Here are some ways to leverage social for B2B influencer efforts:
Do you actively ask your internal team to share content for you? If not, you’d be surprised how many people within your organization will share for you if you make it easy enough. The example below is a “help us share” email that includes:
- Quick “lazy” tweets for easy copy-pasting
- The author’s Twitter handle
- A custom link
- An image attached
Are there people who regularly share your content, or have recently shared a similar piece of content you wrote? If you’ve established that someone has found value in one thing that you’ve posted, it can’t hurt to reach out with other content they might find interesting. Those who have shared your content can make some of the greatest allies. Try to:
- Share or reply to an article of theirs
- Share your new industry case study via a direct message, or a quick email
- Ask them for feedback on your new article
- Recommend another article they might like by your company
- Recommend another article by another company that you respect
- Share something you enjoyed of theirs
- Follow their blog and reach out to them with praise or feedback on an article
Make friends, be helpful, and try not to solicit. In other words—be human. The less you automate this the better luck you’ll have.
3. Co-Create Content
One of the best ways to get influencers attention in the B2B space is to include them in your content. Let’s take that example from above again—a company that offers point-of-sale software to small retail businesses. How might they use co-creation in their content?
- A blog post round up of the best quotes from small business marketers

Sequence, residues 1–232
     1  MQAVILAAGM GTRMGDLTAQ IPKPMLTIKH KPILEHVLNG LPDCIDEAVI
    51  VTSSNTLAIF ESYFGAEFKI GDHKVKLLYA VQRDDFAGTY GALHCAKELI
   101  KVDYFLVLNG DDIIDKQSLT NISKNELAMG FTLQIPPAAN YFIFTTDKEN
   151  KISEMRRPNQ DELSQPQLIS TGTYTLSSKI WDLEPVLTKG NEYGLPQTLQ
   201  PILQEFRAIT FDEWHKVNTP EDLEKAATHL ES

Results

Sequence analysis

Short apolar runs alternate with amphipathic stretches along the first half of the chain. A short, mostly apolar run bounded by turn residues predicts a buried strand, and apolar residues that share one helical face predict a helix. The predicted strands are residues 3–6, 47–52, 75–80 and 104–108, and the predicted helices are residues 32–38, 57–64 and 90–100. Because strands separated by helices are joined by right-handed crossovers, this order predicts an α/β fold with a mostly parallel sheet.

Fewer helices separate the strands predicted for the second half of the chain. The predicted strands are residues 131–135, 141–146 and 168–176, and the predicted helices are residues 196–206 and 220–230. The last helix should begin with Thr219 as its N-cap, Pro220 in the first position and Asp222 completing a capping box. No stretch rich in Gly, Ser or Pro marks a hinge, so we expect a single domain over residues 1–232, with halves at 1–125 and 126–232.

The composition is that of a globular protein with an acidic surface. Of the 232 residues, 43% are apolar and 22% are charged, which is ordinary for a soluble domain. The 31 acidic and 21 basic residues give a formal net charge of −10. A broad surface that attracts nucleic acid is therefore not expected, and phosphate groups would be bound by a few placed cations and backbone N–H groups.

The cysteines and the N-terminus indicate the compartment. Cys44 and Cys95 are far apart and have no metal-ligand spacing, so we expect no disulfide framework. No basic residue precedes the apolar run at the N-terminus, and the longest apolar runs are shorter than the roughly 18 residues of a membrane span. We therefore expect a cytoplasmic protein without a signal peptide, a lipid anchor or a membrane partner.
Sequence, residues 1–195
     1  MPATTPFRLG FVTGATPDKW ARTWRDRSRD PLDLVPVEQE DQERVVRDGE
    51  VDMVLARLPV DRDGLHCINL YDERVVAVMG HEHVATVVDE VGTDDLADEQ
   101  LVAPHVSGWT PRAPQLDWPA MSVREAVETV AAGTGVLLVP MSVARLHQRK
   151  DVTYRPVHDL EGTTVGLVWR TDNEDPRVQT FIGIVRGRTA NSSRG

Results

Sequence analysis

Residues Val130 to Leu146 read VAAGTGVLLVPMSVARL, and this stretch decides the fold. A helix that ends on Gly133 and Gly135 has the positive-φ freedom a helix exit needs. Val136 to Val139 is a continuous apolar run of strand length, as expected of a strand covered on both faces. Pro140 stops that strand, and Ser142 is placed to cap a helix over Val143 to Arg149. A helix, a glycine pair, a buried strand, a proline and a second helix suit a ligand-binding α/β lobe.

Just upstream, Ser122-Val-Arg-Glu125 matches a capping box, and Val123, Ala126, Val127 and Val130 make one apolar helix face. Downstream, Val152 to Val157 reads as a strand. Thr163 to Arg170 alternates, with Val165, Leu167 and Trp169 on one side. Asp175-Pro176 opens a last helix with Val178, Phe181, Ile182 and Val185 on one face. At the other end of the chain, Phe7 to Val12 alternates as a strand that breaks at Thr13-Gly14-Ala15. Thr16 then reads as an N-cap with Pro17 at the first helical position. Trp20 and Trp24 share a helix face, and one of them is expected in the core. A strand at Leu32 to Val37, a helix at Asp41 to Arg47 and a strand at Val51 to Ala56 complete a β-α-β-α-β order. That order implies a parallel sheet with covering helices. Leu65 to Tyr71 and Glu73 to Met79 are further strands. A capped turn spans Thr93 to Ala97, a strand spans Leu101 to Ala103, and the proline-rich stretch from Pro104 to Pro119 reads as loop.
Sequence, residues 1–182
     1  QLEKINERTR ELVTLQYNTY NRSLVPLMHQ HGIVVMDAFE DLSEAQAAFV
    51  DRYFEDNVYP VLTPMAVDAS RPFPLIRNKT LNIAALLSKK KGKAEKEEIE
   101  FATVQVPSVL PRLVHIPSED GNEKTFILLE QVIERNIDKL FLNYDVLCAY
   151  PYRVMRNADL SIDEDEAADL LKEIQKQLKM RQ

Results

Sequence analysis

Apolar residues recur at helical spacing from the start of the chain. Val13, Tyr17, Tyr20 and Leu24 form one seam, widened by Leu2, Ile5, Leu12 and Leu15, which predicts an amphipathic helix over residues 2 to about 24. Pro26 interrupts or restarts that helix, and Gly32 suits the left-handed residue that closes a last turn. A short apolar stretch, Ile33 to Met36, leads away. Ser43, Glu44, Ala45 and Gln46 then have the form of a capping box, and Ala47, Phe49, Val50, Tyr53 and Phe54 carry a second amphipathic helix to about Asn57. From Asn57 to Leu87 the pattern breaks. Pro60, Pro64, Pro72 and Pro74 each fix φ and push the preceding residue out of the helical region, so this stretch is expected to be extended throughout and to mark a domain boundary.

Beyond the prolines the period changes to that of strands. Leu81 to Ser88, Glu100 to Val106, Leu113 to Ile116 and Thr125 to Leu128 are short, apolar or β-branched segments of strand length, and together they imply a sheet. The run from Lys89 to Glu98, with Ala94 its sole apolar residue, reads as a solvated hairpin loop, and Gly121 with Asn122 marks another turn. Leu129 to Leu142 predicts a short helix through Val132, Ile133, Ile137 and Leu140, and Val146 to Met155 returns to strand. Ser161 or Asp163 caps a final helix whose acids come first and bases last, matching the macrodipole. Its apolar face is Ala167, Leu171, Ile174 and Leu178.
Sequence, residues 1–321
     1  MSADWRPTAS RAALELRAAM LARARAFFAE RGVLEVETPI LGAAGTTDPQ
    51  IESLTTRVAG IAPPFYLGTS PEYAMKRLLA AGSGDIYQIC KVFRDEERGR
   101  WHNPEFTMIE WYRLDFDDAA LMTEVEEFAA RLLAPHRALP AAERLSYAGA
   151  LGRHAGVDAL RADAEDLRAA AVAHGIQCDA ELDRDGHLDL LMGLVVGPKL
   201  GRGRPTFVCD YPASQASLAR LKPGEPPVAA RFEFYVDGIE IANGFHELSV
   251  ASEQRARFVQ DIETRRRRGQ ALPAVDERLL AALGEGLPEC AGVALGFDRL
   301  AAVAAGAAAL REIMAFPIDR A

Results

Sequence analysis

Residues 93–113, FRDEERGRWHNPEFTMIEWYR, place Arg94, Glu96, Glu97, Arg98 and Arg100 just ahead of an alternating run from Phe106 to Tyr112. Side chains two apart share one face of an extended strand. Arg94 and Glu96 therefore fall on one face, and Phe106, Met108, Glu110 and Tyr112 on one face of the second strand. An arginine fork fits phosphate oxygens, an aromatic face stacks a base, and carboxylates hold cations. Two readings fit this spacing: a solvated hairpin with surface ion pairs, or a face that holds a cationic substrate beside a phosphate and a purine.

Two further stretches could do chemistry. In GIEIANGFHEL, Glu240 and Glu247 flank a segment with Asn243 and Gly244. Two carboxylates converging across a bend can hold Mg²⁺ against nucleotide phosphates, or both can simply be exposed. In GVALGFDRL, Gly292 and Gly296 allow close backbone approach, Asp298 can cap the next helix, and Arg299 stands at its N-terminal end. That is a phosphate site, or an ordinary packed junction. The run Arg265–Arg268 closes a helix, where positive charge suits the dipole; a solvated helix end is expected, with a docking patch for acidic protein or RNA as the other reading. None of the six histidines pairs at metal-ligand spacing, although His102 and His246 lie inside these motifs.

- A blog post round up of the top 50 leaders in the customer service space
- An interview with a respected author of a book aimed at small business owners
- A collaborative webinar or podcast with a CEO of another small business software company that offers a service that complements your own
- A section of their site dedicated to user generated content
- A sponsorship at a local small business development conference
The list can go on, and on, and on…the idea is to get creative and think about ways and places that your influencers are already communicating with your target audience. How can you facilitate that in an authentic way that will drive engagement and be mutually beneficial? If you are a leader in your space, then it may be easier to get influencers on board. If you’re not yet a leader in your space, then you’ll need to think about what’s in it for that influencers outside of thought leadership, sometimes these engagements will require compensation.
Influencer outreach in the B2B space is all about building relationships early, often and authentically. Provide helpful information to both your target audience and your target influencers, create a culture of sharing and co-create and collaborate wherever and whenever you can!